Transport of fly ash from India
“Export of fly ash from India [to Bangladesh] is a fairly recent development and is an outcome of the trade agreement between India and Bangladesh,” Dutta explained. Most of the export has taken place in the past five years, he said.
The India-Bangladesh Protocol on Inland Water Transit and Trade was signed in 2009 under an agreement to facilitate trade and commerce between the two countries. It was updated in 2015.
There are six main routes under the Indo-Bangladesh Protocol (IBP) now. Apart from the Ganga and the Sundarbans, they include routes to north-east India through Bangladesh.
“Of all the cargo moved on the Indo-Bangladesh Protocol route, 97% is fly ash,” said Avli Verma, a researcher Manthan Adhyayan Kendra, an organisation that studies water and energy policies. According to a 2019-20 IWAI report, fly ash accounts for 10% of the traffic of all the national waterways.
Verma said movement of fly ash along these routes picked up after the protocol was renewed in 2015 in line with a trade agreement.
Even this April, when India was under a strict lockdown due to the Covid-19 pandemic, 212,898 tonnes of fly ash was transported along IBP routes.
The routes include NW-97, which has 14 stretches through the Sundarbans – the world’s largest mangrove forest that straddles India and Bangladesh. The area contains a national park and a tiger reserve which are protected under the Wildlife Protection Act, 1972 and is also a UNESCO World Heritage Site.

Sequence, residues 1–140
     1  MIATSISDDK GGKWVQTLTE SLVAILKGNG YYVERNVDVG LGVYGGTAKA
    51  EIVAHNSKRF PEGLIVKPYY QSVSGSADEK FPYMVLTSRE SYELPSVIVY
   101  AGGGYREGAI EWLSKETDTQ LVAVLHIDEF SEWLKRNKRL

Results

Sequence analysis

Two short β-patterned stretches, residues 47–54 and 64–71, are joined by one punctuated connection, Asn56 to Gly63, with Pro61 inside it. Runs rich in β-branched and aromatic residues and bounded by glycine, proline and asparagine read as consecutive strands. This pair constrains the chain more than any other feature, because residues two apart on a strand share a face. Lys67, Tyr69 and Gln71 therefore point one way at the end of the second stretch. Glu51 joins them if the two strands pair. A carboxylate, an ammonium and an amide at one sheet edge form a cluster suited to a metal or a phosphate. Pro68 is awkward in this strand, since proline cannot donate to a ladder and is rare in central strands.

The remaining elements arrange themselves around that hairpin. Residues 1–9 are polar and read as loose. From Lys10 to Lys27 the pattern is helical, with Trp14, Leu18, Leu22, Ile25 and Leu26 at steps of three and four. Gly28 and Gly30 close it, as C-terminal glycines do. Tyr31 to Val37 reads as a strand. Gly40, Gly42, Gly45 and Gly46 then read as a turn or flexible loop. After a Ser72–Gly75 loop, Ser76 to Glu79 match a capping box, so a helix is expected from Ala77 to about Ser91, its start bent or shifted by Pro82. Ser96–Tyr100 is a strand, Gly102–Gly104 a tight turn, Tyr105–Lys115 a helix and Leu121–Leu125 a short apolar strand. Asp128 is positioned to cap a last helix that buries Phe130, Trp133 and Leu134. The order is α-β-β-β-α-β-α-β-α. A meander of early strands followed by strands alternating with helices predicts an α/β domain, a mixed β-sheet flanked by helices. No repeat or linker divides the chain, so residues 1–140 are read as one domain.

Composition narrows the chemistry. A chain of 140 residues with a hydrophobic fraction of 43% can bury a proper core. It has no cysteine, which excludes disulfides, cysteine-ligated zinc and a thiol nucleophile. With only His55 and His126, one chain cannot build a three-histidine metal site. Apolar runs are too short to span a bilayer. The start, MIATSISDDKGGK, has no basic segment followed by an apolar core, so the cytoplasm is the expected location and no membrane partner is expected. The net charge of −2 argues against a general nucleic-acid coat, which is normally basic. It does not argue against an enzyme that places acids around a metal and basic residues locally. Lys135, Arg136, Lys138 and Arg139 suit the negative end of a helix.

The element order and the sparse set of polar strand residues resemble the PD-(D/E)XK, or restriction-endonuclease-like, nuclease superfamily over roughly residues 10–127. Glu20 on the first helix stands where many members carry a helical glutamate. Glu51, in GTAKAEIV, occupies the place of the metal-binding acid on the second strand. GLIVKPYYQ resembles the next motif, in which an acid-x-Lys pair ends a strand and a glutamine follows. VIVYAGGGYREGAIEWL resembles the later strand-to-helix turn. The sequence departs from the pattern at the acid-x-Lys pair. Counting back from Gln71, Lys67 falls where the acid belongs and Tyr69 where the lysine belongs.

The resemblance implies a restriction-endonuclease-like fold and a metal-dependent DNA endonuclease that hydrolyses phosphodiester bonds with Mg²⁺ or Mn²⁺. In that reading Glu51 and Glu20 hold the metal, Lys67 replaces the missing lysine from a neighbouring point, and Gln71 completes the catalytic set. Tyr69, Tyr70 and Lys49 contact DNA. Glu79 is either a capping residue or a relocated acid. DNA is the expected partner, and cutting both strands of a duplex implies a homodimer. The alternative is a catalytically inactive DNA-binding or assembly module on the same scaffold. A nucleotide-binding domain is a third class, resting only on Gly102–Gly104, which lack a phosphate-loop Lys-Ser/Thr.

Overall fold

Demand and supply of fly ash
Rokon said there is high demand for fly ash in Bangladesh because “hundreds of cement factories are coming up” in the country. “We don’t have many coal plants and we are dependent mostly on India for the fly ash.”
The fly ash being exported to Bangladesh is from thermal power plants in West Bengal – including Farakka, Triveni, Budge Budge and Haldia, according to Kankana Das, an analyst at LIFE.
In the best-quality coal, “for every kilo[gram] of coal burnt, 340 grams of ash is produced,” Dutta said. “The kind of coal we generally use has around 40-50% ash content and this becomes a liability that has to be transported.”
The steel and aluminium industries also produce a lot of fly ash, which is transported to ports like Haldia for export to Bangladesh, Dutta said.
In 2016, India’s Ministry of Environment Forest and Climate Change (MoEFCC) mandated that 100% of fly ash should be used. However, export also qualifies as utilisation. “The law does not specify utilisation [of fly ash] by the producer,” Dutta said.
More cargo down the Ganga
In February 2018, the IWAI signed an agreement with the World Bank for a riverway project called Jal Marg Vikas that will increase the capacity of NW-1 at a cost of INR 53.69 billion (USD 704.76 million). The project is expected to be completed by March 2023.
Once that happens, barges carrying 1,500-2,000 tonnes will use this route, Verma said. The maximum capacity now is 750 tonnes.
In theory, riverways provide the cheapest and most environmental-friendly mode of transport, especially of bulk cargo. But that assumes strict implementation of pollution-control laws, including quality checks on vessels that carry toxic cargo such as fly ash.